• allowHttp — Optional. A JSON boolean indicating that HTTP discoveryUri and jwksUri values should be allowed.

    For security reasons, discoveryUri and jwksUri values for external token issuers in production should always use HTTPS URLs, so that the server providing the information can be verified using its SSL certificate. However, in certain non-production test scenarios, it may be helpful to allow HTTP URIs to be used.

    The default value is false.

  • minReloadInterval — Optional. If a token exchange request is received, and the key and/or certificate needed to validate the external token cannot be found, MCS will automatically reload the discovery and JWKS information in order to check for changes (e.g. key rotation), unless the amount of time since the discovery/JWKS reload is less than this value (in seconds, expressed as an integer).

    The default value is 60.

  • maxReloadInterval — Optional. If a token exchange request is received and if the elapsed time since the last time the discovery and JWKS information was reloaded is in excess of this value (in seconds, expressed as an integer), the discovery and JWKS information will automatically be reloaded from the external token issuer in order to check for changes.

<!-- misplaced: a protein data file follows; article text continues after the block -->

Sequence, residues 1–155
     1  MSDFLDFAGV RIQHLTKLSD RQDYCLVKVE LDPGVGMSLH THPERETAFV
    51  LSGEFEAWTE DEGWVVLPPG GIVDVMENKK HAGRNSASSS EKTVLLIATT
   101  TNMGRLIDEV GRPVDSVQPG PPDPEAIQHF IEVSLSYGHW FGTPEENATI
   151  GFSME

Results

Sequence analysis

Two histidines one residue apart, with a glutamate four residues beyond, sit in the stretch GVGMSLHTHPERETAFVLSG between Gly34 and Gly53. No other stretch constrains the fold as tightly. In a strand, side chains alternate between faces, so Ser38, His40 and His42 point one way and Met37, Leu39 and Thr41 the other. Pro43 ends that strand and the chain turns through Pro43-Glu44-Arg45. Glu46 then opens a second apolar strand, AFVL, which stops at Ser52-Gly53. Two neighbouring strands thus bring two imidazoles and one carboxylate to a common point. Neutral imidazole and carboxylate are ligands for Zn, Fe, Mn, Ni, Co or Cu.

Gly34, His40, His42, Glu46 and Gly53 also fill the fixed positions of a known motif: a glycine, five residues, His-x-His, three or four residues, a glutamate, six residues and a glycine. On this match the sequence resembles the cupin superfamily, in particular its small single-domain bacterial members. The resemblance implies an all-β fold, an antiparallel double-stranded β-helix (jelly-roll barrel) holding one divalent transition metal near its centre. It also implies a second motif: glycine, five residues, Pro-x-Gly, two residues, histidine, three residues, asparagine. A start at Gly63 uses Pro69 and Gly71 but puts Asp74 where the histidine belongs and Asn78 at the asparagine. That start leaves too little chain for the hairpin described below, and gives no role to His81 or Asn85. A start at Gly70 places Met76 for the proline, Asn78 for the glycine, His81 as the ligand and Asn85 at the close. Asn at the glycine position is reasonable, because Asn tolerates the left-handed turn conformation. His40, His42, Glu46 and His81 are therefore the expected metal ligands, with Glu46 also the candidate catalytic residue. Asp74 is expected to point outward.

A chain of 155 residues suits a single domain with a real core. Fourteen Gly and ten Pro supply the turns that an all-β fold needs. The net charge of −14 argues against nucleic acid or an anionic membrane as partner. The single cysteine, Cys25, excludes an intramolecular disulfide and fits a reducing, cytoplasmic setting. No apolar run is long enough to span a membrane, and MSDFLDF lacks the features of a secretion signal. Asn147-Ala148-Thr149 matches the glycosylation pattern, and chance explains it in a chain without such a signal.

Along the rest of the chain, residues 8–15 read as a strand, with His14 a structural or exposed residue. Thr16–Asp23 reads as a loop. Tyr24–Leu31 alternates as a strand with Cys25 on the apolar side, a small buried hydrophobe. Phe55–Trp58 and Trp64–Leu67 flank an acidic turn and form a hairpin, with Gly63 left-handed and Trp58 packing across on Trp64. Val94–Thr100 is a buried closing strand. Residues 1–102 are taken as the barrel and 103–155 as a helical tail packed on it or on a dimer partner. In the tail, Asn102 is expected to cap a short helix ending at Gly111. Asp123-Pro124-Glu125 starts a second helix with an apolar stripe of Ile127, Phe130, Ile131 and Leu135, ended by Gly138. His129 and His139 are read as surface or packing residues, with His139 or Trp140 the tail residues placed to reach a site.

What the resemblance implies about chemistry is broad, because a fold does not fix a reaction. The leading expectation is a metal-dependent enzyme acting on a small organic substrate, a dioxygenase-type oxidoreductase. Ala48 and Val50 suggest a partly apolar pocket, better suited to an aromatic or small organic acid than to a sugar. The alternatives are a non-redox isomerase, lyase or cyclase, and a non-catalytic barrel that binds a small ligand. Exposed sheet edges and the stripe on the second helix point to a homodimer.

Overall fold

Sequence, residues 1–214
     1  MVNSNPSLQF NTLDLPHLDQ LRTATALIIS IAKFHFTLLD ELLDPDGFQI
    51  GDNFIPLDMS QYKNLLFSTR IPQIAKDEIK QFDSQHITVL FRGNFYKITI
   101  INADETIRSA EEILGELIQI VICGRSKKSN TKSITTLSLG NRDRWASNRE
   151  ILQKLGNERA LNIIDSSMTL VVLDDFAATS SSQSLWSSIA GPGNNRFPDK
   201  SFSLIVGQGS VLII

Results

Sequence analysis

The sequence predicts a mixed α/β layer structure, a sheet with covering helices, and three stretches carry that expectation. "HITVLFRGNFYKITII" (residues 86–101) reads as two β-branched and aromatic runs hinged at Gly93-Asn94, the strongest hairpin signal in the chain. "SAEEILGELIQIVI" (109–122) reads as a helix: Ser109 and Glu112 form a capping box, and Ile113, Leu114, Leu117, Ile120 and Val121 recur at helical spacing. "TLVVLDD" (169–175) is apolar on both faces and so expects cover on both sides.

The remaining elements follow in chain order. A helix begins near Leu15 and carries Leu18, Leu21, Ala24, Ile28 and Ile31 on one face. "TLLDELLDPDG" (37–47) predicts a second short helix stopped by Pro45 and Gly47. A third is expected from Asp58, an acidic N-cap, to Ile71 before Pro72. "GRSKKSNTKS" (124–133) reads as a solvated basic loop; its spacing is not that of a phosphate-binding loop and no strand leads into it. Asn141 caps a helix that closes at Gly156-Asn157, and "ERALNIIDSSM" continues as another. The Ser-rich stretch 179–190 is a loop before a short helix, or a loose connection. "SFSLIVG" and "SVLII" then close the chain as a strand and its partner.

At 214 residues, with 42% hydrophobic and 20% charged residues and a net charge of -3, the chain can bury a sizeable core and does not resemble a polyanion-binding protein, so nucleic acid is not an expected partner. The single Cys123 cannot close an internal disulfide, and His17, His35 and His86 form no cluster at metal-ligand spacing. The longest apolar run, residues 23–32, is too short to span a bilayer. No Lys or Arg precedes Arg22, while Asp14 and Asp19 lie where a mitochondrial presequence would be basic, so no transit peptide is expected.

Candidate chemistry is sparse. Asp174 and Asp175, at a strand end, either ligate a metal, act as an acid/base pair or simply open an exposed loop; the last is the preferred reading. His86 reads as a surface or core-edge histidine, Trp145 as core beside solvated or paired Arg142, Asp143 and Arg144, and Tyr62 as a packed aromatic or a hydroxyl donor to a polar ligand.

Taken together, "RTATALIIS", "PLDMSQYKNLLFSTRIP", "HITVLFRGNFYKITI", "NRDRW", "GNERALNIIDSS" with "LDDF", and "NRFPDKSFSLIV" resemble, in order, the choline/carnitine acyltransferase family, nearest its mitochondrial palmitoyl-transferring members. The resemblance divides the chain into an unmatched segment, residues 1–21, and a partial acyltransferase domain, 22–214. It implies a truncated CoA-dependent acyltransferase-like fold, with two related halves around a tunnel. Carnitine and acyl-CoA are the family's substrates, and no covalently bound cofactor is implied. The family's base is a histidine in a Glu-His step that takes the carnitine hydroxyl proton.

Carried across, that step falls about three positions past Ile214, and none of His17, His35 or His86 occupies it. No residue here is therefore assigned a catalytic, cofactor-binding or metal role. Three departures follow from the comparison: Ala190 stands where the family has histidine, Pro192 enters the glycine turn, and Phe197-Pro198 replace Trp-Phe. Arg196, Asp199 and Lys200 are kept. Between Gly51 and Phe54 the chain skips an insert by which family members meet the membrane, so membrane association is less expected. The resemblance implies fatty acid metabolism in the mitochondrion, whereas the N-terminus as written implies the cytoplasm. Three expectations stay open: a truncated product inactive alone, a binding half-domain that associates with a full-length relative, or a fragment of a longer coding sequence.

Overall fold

The default value is 28800 (i.e. 8 hours).

  • connectTimeout — Optional. A JSON integer specifying the default connect timeout for discovery and/or JWKS requests. The default is 30 seconds.

  • readTimeout — Optional. A JSON integer specifying the default read timeout for discovery and/or JWKS requests. The default is 60 seconds

  • tlsVersions — Optional. A JSON array of string values, listing the SSL/TLS which will be allowed when connecting to the external token issuer for Discovery and/or JWKS requests. Valid version names are:

    • SSL

    • SSLv2

    • SSLv3

    • TLS

    • TLSv1

    • TLSv1.1

    • TLSv1.2

    The default value is ["TLSv1.1", "TLSv1.2"].

    Note:

    Older SSL/TLS versions are considered insecure, and should be avoided.